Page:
How Takata Filing Bankruptcy Could Impact You

After a massive airbag recall, Takata has been forced to file bankruptcy in both the U.S. and Japan in order to pay their looming court fees and recall costs. At least 16 people have died and 180 have been injured as a result of the airbags deploying too quickly and spraying shrapnel. The faulty design is due to the use of ammonium nitrate which forcefully explodes when exposed to heat. This has led to the largest vehicle recall in history with up to 100 million inflators expected to be retracted.

Takata has been found to have fraudulently kept the danger from the public in an effort to protect themselves from the devastating costs of repairing the error. According to USA TODAY, they have agreed to a $1 billion settlement. The money will be paid in various accounts with $850 million going to auto manufacturers to fix the dangerous airbags, $125 million to the victims, and $25 million to the government.

The staggering amount of the settlement has forced the company to sell, and it will be acquired by Key Safety Systems (KSS) for $1.6 billion. The U.S.-based company is owned by Ningbo Joyson Electronic Corp. of China. They intend to maintain Takata’s current workforce and their safety operation.

Takata airbag recall victim shares testimony
Airbag victim shares at news conference. [Image by Chip Somodevilla/Getty Images]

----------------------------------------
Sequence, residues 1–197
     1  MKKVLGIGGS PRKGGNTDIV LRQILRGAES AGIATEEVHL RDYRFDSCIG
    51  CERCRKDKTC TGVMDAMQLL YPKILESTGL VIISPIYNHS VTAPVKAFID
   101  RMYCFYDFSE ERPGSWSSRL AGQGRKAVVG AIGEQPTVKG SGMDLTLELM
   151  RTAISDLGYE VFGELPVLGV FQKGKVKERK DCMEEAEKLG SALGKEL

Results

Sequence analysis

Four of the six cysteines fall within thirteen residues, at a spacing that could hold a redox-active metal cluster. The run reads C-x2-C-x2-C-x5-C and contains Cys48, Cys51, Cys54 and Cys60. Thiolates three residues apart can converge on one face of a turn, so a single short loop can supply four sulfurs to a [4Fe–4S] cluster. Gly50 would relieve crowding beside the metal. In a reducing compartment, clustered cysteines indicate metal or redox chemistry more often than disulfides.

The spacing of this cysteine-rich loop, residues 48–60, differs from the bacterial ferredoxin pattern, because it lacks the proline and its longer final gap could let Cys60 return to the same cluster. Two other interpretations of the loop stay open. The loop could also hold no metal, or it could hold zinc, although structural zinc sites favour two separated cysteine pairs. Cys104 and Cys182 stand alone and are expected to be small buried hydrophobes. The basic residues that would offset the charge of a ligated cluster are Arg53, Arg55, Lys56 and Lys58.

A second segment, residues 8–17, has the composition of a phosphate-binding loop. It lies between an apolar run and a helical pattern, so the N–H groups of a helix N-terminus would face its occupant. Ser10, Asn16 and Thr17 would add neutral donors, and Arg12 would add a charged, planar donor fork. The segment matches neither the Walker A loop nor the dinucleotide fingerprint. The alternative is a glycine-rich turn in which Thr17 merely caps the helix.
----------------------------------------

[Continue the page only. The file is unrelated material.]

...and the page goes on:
It is expected that the sale will allow KSS to take over the faltering company without taking on their debts and liabilities, both past and future. This raises concern for the victims of the dangerous airbags. With only 22 percent of the unsafe airbags repaired, it leaves roughly 54 million still on the road in the U.S. It is anticipated that more people will be injured by these malfunctioning airbags.

The company originally began in 1933 as a textiles manufacturer. They began producing airbags in 1987, managing to become the 2nd leading contributor to the safety devices. With the rising costs of the deadly airbags, Takata has been in the red for the last three years. This has forced them to sell subsidiaries to cover their overwhelming fees.

Takata CEO bows during press conference
Japanese air bag maker Takata CEO Shigehisa Takada bows during a press conference in Tokyo, Monday, June 26, 2017. [Image by Shizuo Kambayashi/AP Images]

There is a great deal of speculation as the bankruptcy and purchase move forward. Honda has not yet reached a settlement with Takata and lawyers of the many victims are doubtful the sale will cover the growing costs associated with the safety issues. Despite the concern, it is expected that the bankruptcy will be settled in early 2018.

KSS plans to maintain the strong workforce and manufacturing of Takata’s protective restraints. They intend to utilize the already competent production system, warehouses, and quality workforce. This will hopefully allow the 60,000 people who already work for the company to keep their jobs.

As the public continues to observe the bankruptcy proceedings, be sure to check if your vehicle could be part of the recall.

[Featured Image by Paul Sancya/AP Images]